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Another View: ‘Aunt Ida’ is very perceptive

By Charles Chandler, Executive Director
Ministering to Ministers Foundation

Published March 8, 2007 in the Religious Herald

The excellent editorial in the Jan. 24 issue of the Religious Herald, entitled “Aunt Ida preaches to preachers,” highlighted the profile of most forced terminations. The epidemic is much wider spread than most realize. And the effects are deeper and leave more scars than most Christians can envision, both to the minister and his or her family as well as to the congregation and individual church families. The Christian witness is hurt and conflicted churches produce fewer ministers to lead our churches in the future.

According to the Abilene Reporter-News (Dec. 14, 2000), over 1,600 Protestant ministers in the United States are forced out of their church ministry positions each month. That’s over 19,000 per year. To put it in a more comprehendible picture, it is 369 per week, 53 per day, or one every 25 minutes around the clock every day of the year. The report also points out that for ministers there are no federal or state assistance or unemployment benefits. Ministers’ feelings of anger, frustration and helplessness at being pushed out are compounded by feelings of guilt and betrayal, and serious concern for how to provide adequately for their families’ needs; these feelings are often debilitating. Only 54 percent of ministers forced out go back into a full-time church ministry position. Thus, some of the very best pastors are lost from the Lord’s service.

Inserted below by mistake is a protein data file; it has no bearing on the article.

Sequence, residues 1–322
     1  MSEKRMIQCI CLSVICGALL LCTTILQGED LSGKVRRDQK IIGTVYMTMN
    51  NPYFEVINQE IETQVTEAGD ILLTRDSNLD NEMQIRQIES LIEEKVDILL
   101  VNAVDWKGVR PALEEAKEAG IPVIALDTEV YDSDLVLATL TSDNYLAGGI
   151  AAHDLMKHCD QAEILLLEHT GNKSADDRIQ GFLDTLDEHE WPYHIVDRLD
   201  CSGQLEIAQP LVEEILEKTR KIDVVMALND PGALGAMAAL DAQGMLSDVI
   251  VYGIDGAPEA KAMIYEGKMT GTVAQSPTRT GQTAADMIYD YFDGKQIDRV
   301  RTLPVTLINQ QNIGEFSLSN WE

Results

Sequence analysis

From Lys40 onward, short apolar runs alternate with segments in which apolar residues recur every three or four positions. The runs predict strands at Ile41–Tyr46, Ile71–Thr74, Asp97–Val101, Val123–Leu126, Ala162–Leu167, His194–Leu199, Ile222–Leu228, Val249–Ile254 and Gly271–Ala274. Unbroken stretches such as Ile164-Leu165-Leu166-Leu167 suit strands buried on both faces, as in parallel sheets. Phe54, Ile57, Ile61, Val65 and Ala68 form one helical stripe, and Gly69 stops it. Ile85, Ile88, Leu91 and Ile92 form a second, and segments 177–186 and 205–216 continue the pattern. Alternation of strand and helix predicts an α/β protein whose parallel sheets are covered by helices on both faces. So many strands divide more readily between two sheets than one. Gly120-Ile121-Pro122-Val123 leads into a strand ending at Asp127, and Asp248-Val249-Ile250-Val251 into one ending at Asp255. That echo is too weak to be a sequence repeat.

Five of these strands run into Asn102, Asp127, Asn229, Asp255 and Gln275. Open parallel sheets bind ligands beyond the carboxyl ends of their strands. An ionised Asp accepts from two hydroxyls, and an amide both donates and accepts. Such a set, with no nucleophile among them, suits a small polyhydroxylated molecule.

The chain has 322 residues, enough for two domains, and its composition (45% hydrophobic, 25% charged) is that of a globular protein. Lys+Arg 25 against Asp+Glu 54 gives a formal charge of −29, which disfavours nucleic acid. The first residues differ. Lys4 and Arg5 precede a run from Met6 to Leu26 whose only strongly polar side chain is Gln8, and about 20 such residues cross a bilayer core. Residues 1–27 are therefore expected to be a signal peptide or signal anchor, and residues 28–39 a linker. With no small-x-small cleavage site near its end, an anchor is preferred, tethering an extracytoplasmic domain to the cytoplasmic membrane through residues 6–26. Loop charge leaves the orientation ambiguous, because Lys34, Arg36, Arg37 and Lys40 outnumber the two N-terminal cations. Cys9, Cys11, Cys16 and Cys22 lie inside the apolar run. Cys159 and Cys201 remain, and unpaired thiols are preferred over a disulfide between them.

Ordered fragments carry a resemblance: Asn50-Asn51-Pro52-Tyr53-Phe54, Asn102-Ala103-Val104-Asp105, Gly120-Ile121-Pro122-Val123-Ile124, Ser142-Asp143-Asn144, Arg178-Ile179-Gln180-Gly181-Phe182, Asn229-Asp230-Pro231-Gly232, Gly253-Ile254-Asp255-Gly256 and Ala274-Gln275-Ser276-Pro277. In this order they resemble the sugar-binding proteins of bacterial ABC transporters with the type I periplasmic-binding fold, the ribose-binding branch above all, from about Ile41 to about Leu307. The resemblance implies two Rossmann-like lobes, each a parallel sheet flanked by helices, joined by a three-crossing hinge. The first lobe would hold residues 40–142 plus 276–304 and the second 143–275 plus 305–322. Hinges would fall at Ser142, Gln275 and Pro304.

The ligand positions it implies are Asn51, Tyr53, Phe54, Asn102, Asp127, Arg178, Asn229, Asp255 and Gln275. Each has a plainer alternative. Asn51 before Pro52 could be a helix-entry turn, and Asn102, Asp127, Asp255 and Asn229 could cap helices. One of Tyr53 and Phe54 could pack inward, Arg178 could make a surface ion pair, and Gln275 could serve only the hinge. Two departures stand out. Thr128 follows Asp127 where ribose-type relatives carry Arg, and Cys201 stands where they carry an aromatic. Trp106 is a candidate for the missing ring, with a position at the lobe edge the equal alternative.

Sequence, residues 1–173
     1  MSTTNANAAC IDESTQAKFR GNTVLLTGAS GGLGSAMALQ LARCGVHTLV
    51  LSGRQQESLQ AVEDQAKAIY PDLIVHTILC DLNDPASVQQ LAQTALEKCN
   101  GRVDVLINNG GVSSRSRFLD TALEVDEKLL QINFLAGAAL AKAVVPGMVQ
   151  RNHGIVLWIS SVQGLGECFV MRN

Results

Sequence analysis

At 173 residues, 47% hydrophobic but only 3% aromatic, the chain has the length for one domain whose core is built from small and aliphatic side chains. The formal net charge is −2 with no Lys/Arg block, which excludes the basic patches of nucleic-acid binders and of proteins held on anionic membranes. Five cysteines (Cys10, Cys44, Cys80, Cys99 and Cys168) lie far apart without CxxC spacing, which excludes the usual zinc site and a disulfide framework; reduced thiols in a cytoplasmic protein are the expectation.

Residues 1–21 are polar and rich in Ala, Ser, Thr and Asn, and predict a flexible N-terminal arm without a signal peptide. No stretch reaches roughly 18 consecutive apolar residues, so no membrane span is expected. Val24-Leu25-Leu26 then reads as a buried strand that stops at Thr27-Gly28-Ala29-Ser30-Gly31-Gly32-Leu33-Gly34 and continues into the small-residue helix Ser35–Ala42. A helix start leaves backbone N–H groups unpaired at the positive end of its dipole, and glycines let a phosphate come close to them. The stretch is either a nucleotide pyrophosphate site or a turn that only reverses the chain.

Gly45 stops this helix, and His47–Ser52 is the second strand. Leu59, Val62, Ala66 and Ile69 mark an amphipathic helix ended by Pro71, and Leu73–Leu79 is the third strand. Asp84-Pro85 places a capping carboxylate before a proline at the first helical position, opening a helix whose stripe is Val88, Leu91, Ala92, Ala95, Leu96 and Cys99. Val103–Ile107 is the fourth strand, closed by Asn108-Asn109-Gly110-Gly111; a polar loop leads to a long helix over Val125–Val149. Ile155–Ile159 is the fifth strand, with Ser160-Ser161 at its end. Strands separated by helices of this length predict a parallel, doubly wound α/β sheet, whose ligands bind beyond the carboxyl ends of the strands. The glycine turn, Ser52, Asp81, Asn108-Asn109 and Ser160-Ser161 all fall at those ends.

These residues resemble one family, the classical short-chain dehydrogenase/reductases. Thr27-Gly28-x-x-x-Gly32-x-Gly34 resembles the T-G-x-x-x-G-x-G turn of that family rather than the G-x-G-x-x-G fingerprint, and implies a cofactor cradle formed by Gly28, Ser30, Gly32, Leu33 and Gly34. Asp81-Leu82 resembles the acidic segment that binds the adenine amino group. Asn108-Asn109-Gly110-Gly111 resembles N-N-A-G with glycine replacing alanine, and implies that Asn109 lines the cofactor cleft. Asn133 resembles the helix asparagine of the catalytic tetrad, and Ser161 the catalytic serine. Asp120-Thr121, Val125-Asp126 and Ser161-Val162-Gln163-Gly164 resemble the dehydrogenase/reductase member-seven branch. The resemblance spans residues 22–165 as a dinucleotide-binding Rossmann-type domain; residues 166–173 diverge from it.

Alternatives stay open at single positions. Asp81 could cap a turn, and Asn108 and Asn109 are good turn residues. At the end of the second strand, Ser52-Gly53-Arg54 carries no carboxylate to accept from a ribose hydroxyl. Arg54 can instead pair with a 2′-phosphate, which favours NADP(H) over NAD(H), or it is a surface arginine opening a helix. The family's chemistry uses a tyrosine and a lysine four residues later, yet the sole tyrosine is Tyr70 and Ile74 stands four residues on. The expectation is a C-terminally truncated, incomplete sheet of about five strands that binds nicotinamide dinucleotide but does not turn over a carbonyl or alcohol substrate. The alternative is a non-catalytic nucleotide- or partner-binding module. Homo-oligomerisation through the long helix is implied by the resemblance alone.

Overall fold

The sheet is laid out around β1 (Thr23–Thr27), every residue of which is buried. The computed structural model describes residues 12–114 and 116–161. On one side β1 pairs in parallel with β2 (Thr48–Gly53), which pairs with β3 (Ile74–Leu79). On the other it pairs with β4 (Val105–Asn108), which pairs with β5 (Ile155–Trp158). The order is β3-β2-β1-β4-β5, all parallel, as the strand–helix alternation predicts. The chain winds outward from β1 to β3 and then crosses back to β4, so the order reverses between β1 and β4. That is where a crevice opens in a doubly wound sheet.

Not only are the ministers affected, but their families suffer as well:

• 75 percent of pastoral families had to move to a new residence.

• 66 percent reported that their children had to change schools.

• 64 percent of pastors’ spouses had to change jobs.

• 60 percent of ministers say their family’s ability to trust church leadership was undermined.